Sometimes, some people can lull themselves into a false sense of confidence when it comes to litigating their unpaid overtime, minimum wage, improper classification, or other Fair Labor Standards Act case. They may tell themselves they don’t need an experienced Atlanta employment lawyer. They might say to themselves “I worked 40 hours each week and I only got paid $200 per week, so how hard can it be to present — and win — my minimum wage case?”
Don’t let yourself fall into this trap. Even cases that seem to have very clear-cut facts in your favor often present thorny issues of law and/or court procedure that require (or at least can benefit from) the deft touch knowledgeable legal representation will provide.
Take, for example, the FLSA case of H.T., a man who worked as a builder/installer for a South Georgia construction company. The construction company allegedly “controlled all aspects” of the builder’s work, including choosing the construction sites where the builder worked and assigning the tasks the builder completed while there. The company also set the builder’s work schedule, provided him with all the necessary materials and equipment, and controlled the amount of payment the builder received, according to H.T.’s lawsuit.
Despite all that, the company classified the builder as an independent contractor. Also, the company allegedly never paid him time-and-a-half for his hours when he worked over 40 in a week.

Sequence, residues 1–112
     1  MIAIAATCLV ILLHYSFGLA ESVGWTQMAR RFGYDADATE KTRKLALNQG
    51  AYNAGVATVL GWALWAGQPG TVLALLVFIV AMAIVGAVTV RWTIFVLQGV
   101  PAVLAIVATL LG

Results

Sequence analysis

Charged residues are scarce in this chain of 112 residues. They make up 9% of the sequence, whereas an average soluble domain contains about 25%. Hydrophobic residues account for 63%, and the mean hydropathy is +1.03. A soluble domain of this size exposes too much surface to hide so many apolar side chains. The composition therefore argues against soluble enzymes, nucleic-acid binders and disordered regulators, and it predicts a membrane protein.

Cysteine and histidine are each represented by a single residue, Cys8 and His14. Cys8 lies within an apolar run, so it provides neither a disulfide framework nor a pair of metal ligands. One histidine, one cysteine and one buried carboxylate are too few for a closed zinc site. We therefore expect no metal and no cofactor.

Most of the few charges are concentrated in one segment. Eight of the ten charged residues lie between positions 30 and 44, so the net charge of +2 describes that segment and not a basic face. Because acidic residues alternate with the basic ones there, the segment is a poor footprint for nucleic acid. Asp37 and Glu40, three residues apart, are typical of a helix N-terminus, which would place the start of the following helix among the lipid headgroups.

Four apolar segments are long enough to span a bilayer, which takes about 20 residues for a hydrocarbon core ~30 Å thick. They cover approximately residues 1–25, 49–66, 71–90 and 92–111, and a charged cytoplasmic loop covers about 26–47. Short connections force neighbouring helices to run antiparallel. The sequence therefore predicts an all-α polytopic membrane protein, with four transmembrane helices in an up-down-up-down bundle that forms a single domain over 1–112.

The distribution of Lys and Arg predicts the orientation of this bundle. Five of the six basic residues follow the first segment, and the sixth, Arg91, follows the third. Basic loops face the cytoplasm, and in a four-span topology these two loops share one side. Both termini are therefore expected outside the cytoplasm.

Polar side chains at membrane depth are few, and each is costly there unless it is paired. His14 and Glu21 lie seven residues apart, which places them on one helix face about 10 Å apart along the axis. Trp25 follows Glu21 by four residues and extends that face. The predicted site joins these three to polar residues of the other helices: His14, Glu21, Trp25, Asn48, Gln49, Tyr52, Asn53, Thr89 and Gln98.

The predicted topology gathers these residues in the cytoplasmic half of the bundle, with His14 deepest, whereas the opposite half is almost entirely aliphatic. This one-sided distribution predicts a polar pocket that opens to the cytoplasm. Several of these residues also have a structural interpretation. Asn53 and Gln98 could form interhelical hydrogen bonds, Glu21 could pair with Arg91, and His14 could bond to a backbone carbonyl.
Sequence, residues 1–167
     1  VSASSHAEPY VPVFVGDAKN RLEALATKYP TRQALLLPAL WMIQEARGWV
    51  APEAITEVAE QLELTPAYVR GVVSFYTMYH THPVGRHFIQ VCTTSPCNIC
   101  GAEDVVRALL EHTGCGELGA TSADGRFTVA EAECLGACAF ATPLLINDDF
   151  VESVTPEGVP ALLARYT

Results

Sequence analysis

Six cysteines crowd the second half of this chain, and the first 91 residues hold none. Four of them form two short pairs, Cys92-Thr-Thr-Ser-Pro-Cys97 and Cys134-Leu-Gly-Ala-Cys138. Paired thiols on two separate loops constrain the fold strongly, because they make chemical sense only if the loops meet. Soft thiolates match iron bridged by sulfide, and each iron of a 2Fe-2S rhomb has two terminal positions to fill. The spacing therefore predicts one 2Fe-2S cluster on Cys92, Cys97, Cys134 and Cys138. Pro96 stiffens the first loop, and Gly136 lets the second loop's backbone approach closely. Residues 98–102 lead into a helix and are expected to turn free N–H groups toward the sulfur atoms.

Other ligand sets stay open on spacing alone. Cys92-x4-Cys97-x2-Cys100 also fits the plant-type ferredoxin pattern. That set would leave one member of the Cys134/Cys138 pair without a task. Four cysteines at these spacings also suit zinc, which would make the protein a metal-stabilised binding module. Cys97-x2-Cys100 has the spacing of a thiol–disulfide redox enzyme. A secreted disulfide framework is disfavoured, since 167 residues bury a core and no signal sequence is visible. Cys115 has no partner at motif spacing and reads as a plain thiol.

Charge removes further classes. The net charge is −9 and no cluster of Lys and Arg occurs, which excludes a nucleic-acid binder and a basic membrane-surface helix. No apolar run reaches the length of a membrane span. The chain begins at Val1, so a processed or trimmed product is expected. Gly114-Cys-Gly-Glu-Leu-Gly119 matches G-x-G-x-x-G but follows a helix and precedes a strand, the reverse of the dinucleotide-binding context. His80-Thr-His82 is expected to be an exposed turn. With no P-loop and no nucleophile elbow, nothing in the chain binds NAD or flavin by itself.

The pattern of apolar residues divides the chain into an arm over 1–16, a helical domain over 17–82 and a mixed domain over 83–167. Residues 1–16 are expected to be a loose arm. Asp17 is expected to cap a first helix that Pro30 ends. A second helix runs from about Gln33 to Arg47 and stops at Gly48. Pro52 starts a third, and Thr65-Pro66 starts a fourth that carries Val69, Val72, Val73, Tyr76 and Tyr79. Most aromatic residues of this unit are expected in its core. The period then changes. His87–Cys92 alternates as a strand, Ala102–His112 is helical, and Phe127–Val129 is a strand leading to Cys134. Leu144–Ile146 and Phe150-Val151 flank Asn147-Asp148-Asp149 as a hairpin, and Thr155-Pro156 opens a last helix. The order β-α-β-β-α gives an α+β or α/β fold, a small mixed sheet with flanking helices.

This led to H.T.’s Fair Labor Standards Act case against the construction company, which was filed on May 13, 2021.
After you filed your complaint, the next step is servicing notice of the lawsuit to the other side. There are specific procedural rules that dictate how you must go about doing this, and many of these requirements are strictly enforced. Even a seemingly minute mistake can cause a delay… or worse.
Subsequently, days passed with no response from the defendants. Then, weeks passed and, still, no response.
At this point, you might know that the other side’s failure to respond entitles you to something… but would you know exactly what, and would you know precisely how to go about asking for it and getting it? It’s reasonable to imagine a layperson might not.
‘Default Judgments’ and When and How You Can Get One
H.T., however, was represented by counsel. His lawyer filed what’s called a “motion for a default judgment.” A default judgment is something to which a plaintiff may be entitled when the defense doesn’t file a response (or doesn’t do so before the filing deadline.)
A default judgment isn’t awarded automatically simply because the defense missed a deadline. Your complaint and other court pleadings must lay out “a sufficient basis” for the judgment you’ve requested. That means you must have given the court “sufficient factual content that allows the court to draw the reasonable inference that the defendant is liable for the misconduct alleged.”
The judge in H.T.’s case concluded that the pleadings the builder’s attorney submitted did just that, adequately laying out a case of unpaid overtime as well as employee misclassification. This led the court to grant the motion and enter a judgment (and an award of damages) in favor of the builder.
Without skillful representation, H.T.’s case very well could have been less successful, or at least the process less efficient. At the law firm of Parks, Chesin & Walbert, our team of highly experienced and diligent Atlanta wage and hour attorneys is dedicated to helping workers across Georgia to get the fair compensation they deserve. When your case requires going to court, count on us to provide you with the in-depth legal knowledge needed for success. Contact us through this website or at 404-873-8048 to schedule a consultation.